US Judge Strikes Down Montana Political Committee Naming Law

Law aimed to prevent PACs from misleading the public about economic and special interests

By Associated Press

HELENA — A U.S. judge has struck down a Montana law that sets truth in naming requirements for political action committees, saying campaign finance reports provide adequate information about people who contribute to a PAC.

The decision by U.S. District Judge Dana Christensen came last week in an appeal filed by a political action committee called Doctors for a Healthy Montana, the Great Falls Tribune reported.

The organization formed in February with the goal of defeating in the primaries Republican legislators who voted in favor of the Medicaid expansion bill in 2019, court records said. The committee targeted state Rep. Joel Krautter, R-Sidney, and put up a billboard in his hometown that said he “voted for taxpayer-funded abortions.”

Krautter filed a complaint with the commissioner of political practices arguing that Doctors for a Healthy Montana was a misleading name because a majority of its donors were members of the Legislature, not physicians.

Commissioner Jeff Mangan agreed with Krautter.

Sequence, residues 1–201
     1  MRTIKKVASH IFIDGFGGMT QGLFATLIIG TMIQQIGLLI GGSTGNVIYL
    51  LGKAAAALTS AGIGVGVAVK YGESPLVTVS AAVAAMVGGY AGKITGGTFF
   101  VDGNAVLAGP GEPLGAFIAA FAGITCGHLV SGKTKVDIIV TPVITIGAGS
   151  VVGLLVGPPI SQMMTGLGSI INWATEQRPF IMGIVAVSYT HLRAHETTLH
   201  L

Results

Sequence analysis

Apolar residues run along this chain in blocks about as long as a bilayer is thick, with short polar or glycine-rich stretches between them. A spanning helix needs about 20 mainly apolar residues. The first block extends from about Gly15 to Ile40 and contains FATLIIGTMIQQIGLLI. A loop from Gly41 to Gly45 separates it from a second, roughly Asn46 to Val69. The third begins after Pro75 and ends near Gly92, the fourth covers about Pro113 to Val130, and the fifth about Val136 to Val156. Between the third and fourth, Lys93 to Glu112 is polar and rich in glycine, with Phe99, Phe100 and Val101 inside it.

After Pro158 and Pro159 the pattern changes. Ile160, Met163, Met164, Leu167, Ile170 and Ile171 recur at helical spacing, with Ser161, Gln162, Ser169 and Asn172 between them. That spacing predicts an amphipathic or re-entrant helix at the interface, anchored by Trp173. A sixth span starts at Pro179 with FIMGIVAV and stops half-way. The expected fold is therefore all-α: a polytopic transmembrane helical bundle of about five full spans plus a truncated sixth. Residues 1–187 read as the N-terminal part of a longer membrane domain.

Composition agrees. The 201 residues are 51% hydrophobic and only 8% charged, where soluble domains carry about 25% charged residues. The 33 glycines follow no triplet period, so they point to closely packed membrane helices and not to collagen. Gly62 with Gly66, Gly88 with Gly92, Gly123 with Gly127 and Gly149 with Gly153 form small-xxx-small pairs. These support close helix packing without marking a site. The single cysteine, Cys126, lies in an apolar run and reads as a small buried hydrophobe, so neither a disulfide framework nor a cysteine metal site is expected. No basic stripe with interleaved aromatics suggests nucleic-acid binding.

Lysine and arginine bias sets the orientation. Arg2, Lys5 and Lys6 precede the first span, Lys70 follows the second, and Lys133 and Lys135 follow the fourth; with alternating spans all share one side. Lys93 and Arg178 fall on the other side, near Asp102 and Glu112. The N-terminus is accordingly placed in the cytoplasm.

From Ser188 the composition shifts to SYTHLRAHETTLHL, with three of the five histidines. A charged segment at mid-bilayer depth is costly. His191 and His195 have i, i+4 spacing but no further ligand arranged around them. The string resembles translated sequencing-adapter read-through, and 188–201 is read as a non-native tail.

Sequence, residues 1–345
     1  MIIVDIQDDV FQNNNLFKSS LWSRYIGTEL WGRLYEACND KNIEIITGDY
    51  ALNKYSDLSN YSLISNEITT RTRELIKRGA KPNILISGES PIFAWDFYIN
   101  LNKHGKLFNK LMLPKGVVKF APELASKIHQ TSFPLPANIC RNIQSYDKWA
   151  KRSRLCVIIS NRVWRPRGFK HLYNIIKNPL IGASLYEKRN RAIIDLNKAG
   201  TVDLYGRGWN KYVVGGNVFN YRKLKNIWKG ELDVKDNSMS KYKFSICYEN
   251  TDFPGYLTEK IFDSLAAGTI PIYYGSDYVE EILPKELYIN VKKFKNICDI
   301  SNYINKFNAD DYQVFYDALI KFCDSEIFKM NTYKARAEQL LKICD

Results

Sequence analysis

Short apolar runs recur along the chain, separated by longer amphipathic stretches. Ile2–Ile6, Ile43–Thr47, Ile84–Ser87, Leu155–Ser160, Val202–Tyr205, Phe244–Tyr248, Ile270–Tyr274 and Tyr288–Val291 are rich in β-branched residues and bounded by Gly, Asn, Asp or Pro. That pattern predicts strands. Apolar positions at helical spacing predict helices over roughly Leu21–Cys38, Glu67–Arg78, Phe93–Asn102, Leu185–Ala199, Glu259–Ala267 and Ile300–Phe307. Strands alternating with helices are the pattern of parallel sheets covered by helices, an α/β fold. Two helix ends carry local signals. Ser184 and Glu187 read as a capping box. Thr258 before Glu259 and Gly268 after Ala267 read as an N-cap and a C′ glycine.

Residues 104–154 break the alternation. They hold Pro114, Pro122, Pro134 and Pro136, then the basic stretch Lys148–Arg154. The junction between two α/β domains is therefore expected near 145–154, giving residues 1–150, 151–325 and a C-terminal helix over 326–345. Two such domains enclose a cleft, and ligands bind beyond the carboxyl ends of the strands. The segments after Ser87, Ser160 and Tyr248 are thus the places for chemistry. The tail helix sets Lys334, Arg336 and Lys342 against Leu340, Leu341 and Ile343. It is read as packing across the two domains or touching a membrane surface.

Doctors for a Healthy Montana appealed, arguing the 35-year-old law was an unconstitutional violation of the group’s free speech rights.

The law, which passed unanimously in 1985, was designed to prevent political action committees from misleading the public about their economic and special interests, court records said.

During the 2019 Legislature, Mangan testified in favor of a bill to repeal the naming law, saying it was difficult to enforce and obsolete because there are other ways to identify who donates money to political committees. The bill failed on its third reading in the House.

Information about donors is widely available to the public and the press on Montana’s Campaign Electronic Reporting System and is widely used, Christensen wrote in his Aug. 12 ruling.

“Of course, the Court does not condone the practice of misleading voters through committee names,” Christensen wrote. “However, the challenged statute is not a reasonable solution to the problem.”

The attorney general’s office is reviewing the ruling and considering its next steps, spokesperson Anastasia Burton said Tuesday. Mangan did not return an email seeking comment.

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